In June, a committee concluded that the construction of the dam endangered the existence of Lake Turkana, the largest desert lake in the world and a UNESCO World Heritage Site.
The United Nations has called for Ethiopia to suspend construction of the giant Gibe III Dam, pending a detailed environmental assessment of the project’s impact on Lake Turkana and the surrounding area, the Daily Nation reported.
The decision came in June during the 35th annual session of the United Nations Educational, Scientific, and Cultural Organization (UNESCO) World Heritage Committee, which establishes sites to be listed as being of special cultural or physical significance. The committee concluded that the construction of the dam endangered the existence of Lake Turkana, the largest desert lake in the world and a UNESCO World Heritage Site.
“The World Heritage Committee expresses its utmost concern about the proposed construction of the GIBE III dam on the Omo River in Ethiopia and its likely impacts on Lake Turkana, which is located downstream, in neighbouring Kenya, and draws almost 90 percent of its inflow from the above river,” the organization said in an official statement.
UNESCO also cited a recent study, commissioned by the African Development Bank, that found the dam would likely cause a significant drop in the lake’s water level, increase the lake’s salinity, and threaten the lake’s unique ecosystem.
The U.N. body asked the governments of Ethiopia and Kenya to invite a monitoring mission to review the dam’s impact on the lake. UNESCO also urged the project’s lenders “to put on hold their financial support” until the committee’s next annual meeting in June 2012.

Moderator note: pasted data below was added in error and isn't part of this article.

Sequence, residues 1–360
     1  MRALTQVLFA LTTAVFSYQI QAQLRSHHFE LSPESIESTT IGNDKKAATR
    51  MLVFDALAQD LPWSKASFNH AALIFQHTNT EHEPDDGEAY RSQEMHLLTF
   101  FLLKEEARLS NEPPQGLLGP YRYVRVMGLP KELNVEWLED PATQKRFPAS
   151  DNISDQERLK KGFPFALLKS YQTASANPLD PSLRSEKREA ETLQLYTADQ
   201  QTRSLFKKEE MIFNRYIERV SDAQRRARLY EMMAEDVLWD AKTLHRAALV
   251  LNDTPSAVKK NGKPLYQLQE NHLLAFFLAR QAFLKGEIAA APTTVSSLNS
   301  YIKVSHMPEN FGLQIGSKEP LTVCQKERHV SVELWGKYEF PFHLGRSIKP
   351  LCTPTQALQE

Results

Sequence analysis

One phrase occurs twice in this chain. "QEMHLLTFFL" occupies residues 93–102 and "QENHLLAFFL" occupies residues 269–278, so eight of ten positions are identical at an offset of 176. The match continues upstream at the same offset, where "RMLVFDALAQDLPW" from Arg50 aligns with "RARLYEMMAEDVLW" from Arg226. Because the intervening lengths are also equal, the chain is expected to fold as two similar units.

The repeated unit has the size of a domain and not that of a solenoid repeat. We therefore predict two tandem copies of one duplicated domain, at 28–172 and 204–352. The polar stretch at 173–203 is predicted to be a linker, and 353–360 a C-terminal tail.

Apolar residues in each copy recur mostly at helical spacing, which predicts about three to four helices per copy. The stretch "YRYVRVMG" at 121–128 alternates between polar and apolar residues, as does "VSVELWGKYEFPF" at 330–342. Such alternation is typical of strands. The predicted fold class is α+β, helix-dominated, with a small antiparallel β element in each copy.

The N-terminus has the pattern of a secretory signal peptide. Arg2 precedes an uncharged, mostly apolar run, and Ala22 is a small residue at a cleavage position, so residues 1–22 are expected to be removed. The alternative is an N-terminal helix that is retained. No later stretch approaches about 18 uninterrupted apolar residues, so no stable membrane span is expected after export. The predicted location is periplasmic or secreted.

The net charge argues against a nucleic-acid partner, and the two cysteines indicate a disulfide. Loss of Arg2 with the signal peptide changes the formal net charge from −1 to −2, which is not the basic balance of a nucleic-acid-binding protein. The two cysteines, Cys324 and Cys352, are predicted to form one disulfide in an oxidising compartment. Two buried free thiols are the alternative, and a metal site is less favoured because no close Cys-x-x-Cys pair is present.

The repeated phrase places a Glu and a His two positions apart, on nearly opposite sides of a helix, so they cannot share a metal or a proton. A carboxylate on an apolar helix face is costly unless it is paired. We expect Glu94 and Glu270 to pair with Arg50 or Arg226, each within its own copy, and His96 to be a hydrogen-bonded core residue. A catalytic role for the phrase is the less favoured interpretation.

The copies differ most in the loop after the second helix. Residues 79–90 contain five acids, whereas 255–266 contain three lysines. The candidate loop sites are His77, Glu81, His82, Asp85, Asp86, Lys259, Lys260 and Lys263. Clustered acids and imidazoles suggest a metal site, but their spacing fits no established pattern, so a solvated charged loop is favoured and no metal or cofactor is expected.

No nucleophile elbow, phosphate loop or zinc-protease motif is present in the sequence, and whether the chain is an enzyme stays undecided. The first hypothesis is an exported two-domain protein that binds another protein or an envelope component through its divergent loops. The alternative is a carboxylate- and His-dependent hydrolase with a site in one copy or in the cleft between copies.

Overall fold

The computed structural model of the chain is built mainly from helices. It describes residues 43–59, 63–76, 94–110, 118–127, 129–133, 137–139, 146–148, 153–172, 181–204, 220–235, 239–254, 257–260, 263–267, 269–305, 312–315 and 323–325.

The Gibe III dam is being built by an Italian company. ICBC, a Chinese state-owned bank, has approved funding for the project, while China’s export credit agency is financing the transmission lines from the dam.
The 1840-megawatt hydropower facility — approximately 250 kilometers (155 miles) southwest of the Ethiopian capital, Addis Ababa — is part of the Gibe-Omo Cascade project that also includes the existing Gilgel Gibe I Dam and the 420-megawatt Gibe II, which is nearly completed.
The Gibe III is the highlight of Ethiopia’s five-year plan to raise its power generation to as much as 10,000 megawatts and expand electricity coverage to 75 percent of the population, up from the current 41 percent. The World Bank estimates the country’s hydropower potential at 45,000 megawatts, the second-largest capacity in Africa, after the Democratic Republic of Congo.
Ethiopia has already signed agreements to export hydroelectricity to Kenya and has almost completed construction of the transmission line between the two countries.
But the Gibe III project has attracted strong criticism from a number of Western environmental groups over what they say are the dam’s negative impacts on the food security and local economies for half a million Ethiopians and Kenyans. International Rivers, a U.S.-based campaign group, has called the Gibe III a potentially “risky, economic gamble for one of the world’s poorest countries” and has questioned the project’s integrity.
The construction of the dam has also sparked tension between the Ethiopian government and activists in North America and Europe. During a recent international hydropower summit in Addis Ababa, for example, Ethiopian Prime Minister Meles Zenawi defended the government’s decision to expand the dam projects and called the views of Western critics “ironic” as Ethiopian facilities are “infinitely more environmentally and socially responsible than the projects in their countries, past and present.”
For more on the cultural significance of the Lake Turkana area and how climate change is lowering lake levels and affecting nomadic borders, read Water Conflict: Violence Erupts Along Ethiopia-Kenya Water-stressed Border.
, a Bulgaria native, is a Chicago-based reporter for Circle of Blue. She co-writes The Stream, a daily digest of international water news trends.
Interests: Europe, China, Environmental Policy, International Security.